Who knew cascading deletes could be so horribly entertaining (emphasis on horrible)? The problems I wrote about traced back to cardinality, but I wasn’t ready to write about it. So, uh, I might have spent most of a perfectly good weekend reading Dmitry and Microsoft patents.
The scan plan was coming from a really bad cardinality assumption: given a Parent ID sufficiently outside the stats histogram, *every* Child table row would join to it. But why was I getting such a ridiculous estimate?
Time for an undocumented trace flag (gosh, I love these)! Dmitry’s post introduced me to trace flag 2363, which outputs cardinality estimation info for the new estimator. I tossed in a QUERYTRACEON, and got the following.
Coooooooool! The optimizer considers stats on Parent.ID to be a badly-formed histogram, whatever that is. Moreover, it just gives up, moves to CSelCalcGuessComparisonJoin, and gives selectivity of 1 (aka everything). Nice guess.
What happens when the ID is within range?
Some huge amount of testing later, I’m able to determine that the bad bailout only occurs when 1) Parent stats are “badly-formed” and 2) the ID is out of range. Stats updated with a FULLSCAN aren’t badly-formed, which seems to be why the problem disappears in that circumstance.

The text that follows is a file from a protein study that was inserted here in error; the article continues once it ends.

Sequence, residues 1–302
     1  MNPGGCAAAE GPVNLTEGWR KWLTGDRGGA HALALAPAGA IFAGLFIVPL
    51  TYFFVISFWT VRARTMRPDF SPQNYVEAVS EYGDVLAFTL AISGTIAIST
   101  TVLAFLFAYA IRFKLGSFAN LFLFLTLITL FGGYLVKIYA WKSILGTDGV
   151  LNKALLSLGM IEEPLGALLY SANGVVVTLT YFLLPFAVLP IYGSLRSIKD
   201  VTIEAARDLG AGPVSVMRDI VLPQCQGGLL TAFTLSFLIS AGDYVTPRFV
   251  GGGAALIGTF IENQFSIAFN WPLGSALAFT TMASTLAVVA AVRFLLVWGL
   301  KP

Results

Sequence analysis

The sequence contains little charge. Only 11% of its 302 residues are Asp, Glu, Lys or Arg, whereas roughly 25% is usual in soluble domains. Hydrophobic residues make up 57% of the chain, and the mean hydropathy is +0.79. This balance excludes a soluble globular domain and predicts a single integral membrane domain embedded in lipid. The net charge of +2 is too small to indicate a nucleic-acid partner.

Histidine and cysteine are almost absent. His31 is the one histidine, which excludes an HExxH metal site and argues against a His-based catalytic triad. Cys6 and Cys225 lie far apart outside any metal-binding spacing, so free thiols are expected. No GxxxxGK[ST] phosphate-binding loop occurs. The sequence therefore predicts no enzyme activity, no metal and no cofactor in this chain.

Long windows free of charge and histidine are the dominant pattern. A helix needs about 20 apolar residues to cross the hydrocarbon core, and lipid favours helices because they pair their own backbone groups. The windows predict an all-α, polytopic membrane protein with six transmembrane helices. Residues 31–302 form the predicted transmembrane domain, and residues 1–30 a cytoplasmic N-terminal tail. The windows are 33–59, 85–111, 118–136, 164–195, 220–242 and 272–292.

Also interesting is what happens in 2014 compatibility with QO Fixes off.
It ejects, but uses CSelCalcSimpleJoin, with a much more reasonable guess.
I kind of have my answer at this point, which that the reason for crappy cardinality is buried deep within the proprietary bowels of SQL Server’s estimator design. Luckily there was a holiday sale on unsatisfying answers, and I got a new question for free.
What the heck is a “badly-formed histogram?”
Spelunking with windbg left me in the dark, so I resorted to empirical testing with stats donating. The best I can tell, a badly-formed histogram only occurs for a column that is unique and has decimal-valued range_rows. In turn, decimal-valued range_rows only seem to occur for large-enough tables with sampled statistics. How’s that for a summary of weeks of investigation?
To be honest, I’m not really happy with the state of my understanding here. My answers are more anecdote than explanation, only looking at a lower layer of turtle. Maybe if I booze up a Microsoft employee enough I can get them to share info outside of NDA…
Anyways, I’m off to read more patents.